A key Muslim leader here told a group of seven North American Lutheran bishops Jan. 13 that Christians and Muslims must work together for peace and justice. Sheikh Tayseer Rajab Al-Tamini, supreme judge of the Islamic Shari'a Courts in Palestine, suggested that world Muslim and Christian leaders meet soon and deliver "a strong message to the world" for peace in the wake of failed political negotiations and escalating violence in Gaza.
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The bishops were part of a group of 44 bishops representing the Evangelical Lutheran Church in America (ELCA) and the Evangelical Lutheran Church in Canada (ELCIC), who visited the West Bank and Israel Jan. 6-13. The bishops met with religious, political and community leaders, and visited religious sites.

Their visit focused on support and encouragement for the Evangelical Lutheran Church in Jordan and the Holy Land (ELCJHL).

Al-Tamini is a member of the Council of Religious Institutions of the Holy Land, consisting of Christian, Jewish and Muslim religious leaders. He noted that half the world's population is either Christian or Muslim. "It is our destiny to live together as Muslims and Christians with mutual respect," he said. "We hope the Jews can do the same." The sheikh said he hopes Israel will end its occupation of Palestinian land and end discriminatory policies toward Palestinians.

Al-Tamini said the deaths of children, women and elderly people in Gaza, the result of the war between Israel and Hamas, are "heartbreaking." More than 1,000 Palestinians have died and nearly 5,000 have been injured, according to news reports.

Thirteen Israelis have died. The sheikh referred to recent attacks at the Church of the Holy Sepulchre in Jerusalem and the destruction of 20 mosques in Gaza, saying that the Holy Land must be "atrocity free."

Hanson and the sheikh have met previously. "I treasure and appreciate your attitude toward the Palestinian cause. We rarely find an international leader standing with us like you," he told the Rev. Mark S. Hanson, ELCA presiding bishop and president of the Lutheran World Federation. God created the world for all people to live in peace, Al-Tamini said, adding that "pluralism is the will of God."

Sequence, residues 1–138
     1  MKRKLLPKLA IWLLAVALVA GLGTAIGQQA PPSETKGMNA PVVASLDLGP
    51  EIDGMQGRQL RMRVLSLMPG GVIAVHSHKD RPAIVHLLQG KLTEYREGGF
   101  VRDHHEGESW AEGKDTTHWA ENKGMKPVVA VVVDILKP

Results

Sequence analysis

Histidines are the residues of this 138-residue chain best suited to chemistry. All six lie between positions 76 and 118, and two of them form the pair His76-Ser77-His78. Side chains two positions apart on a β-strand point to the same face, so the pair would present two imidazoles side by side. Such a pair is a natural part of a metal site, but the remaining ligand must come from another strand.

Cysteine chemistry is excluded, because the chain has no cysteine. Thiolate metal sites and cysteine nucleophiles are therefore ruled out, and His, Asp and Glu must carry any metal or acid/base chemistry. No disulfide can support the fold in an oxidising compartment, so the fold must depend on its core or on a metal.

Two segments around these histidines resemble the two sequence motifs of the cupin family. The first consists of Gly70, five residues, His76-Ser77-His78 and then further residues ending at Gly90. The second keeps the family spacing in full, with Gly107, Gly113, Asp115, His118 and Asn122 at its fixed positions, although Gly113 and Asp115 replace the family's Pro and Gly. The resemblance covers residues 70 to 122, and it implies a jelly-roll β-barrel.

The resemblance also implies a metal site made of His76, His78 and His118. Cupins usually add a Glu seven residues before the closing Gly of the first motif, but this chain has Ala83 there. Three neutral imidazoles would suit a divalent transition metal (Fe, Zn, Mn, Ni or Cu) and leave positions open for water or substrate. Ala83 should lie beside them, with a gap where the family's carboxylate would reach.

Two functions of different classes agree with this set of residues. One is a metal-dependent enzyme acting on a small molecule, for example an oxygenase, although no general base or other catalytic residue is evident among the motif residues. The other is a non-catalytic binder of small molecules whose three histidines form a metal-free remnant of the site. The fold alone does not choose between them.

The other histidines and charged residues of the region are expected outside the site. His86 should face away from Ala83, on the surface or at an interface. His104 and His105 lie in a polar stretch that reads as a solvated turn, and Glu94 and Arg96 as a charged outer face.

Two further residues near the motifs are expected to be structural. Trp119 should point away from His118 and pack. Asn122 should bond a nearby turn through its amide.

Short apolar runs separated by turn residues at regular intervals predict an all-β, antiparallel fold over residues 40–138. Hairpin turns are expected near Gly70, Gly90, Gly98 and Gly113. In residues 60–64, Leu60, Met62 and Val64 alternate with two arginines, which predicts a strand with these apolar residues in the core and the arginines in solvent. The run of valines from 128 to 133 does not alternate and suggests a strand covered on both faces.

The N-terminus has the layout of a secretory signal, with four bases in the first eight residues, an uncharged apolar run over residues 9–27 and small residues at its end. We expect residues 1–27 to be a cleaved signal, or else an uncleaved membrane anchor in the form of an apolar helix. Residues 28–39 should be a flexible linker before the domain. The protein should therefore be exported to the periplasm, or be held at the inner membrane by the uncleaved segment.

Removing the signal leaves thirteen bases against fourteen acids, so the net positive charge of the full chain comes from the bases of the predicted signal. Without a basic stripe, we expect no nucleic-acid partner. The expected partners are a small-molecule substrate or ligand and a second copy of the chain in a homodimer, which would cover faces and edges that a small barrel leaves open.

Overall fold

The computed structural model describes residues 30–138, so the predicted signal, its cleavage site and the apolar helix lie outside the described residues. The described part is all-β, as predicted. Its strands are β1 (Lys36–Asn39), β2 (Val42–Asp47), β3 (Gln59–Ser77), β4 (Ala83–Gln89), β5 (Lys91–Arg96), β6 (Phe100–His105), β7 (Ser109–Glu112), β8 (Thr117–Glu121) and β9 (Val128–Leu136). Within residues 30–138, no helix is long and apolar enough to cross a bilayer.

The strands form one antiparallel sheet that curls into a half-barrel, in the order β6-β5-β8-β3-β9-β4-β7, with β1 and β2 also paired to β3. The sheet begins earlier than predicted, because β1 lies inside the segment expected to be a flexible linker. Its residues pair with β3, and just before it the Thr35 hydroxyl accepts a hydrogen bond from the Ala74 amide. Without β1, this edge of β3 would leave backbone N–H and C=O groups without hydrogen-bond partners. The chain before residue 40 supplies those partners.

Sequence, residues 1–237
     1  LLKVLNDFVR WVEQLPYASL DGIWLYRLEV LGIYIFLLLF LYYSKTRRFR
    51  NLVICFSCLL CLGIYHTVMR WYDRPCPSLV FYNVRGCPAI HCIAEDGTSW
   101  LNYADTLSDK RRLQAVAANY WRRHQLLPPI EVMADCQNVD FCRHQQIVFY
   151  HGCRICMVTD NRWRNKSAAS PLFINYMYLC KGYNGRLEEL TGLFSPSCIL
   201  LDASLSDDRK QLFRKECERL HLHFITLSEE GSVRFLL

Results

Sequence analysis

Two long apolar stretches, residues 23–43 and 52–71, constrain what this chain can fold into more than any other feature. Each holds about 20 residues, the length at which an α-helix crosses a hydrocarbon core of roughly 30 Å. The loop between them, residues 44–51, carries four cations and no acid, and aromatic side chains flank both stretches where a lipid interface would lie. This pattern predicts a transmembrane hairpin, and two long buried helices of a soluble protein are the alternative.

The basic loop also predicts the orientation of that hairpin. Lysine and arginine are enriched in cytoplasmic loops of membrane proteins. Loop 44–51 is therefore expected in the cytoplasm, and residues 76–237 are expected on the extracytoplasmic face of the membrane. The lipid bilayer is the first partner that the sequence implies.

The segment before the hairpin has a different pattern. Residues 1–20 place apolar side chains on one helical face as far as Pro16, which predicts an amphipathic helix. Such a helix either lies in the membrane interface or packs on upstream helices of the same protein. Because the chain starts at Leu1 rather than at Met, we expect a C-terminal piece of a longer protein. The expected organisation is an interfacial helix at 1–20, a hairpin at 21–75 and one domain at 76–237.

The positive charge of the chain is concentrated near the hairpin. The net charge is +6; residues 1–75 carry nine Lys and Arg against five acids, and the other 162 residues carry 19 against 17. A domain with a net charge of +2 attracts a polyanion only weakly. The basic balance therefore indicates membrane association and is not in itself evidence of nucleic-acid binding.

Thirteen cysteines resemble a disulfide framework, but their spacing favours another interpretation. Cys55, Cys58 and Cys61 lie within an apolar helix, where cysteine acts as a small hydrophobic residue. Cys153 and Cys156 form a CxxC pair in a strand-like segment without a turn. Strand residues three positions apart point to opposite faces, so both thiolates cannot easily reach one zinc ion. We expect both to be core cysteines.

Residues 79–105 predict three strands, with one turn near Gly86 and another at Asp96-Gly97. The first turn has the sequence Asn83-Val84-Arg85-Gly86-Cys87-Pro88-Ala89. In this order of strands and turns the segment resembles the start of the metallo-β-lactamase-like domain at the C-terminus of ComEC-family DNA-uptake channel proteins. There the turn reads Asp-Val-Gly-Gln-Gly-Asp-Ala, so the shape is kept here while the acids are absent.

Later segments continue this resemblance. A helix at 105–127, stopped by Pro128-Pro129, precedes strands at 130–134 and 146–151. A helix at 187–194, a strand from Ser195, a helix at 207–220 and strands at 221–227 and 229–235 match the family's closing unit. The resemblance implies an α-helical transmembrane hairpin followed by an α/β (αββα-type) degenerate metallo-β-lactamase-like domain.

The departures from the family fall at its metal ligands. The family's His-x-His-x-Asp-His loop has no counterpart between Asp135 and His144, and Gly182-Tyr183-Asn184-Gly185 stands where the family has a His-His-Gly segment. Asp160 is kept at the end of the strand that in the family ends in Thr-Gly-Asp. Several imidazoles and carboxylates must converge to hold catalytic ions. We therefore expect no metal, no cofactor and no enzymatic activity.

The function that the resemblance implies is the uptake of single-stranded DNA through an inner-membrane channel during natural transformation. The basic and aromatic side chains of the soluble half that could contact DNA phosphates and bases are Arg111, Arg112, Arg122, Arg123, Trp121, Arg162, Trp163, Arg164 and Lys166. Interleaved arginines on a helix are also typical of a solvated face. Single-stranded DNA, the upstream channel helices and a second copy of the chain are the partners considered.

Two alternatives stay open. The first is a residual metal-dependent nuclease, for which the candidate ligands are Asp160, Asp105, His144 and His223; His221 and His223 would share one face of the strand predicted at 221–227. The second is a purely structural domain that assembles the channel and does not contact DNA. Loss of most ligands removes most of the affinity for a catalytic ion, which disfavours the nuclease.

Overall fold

Hanson responded that the bishops' visit here came at an especially tragic time because of the Gaza war. Lutherans reject all forms of terrorism, he said. Hanson said he is concerned that if Israel crushes Hamas, it will inflame radical elements throughout the world. "I hope global leaders can call for an end to this war," Hanson said, emphasizing that it was important that religious leaders speak with one voice.

Al-Tamini followed up by suggesting that Hanson contact Prince Ghazi bin Muhammed of Jordan. Hanson met Prince Ghazi in 2005 in Jordan, and they discussed developing greater understanding between Christians and Muslims for peace.

In 2007 Muslim scholars delivered to Christians a message, "A Common Word Between Us and You." It was an invitation to Christians to work with Muslims for peace and justice throughout the world. The supreme Islamic judge proposed that Christian and Muslim leaders meet in Jordan to develop their own "common word"
of peace and justice. Christians and Muslims "must come together for a stronger voice. In Gaza, the politicians totally failed," Al-Tamini said.

The Rev. Margaret G. Payne, bishop, ELCA New England Synod, Worcester, Mass., said such a meeting of Muslims and Christians "sounded like a great way to implement 'A Common Word.'"

"I am happy and pleased that we had this meeting," said the Rev. Susan C. Johnson, ELCIC national bishop. "I am excited that we are working together as Muslims and Christians for peace.

This is especially important for those who see us as enemies."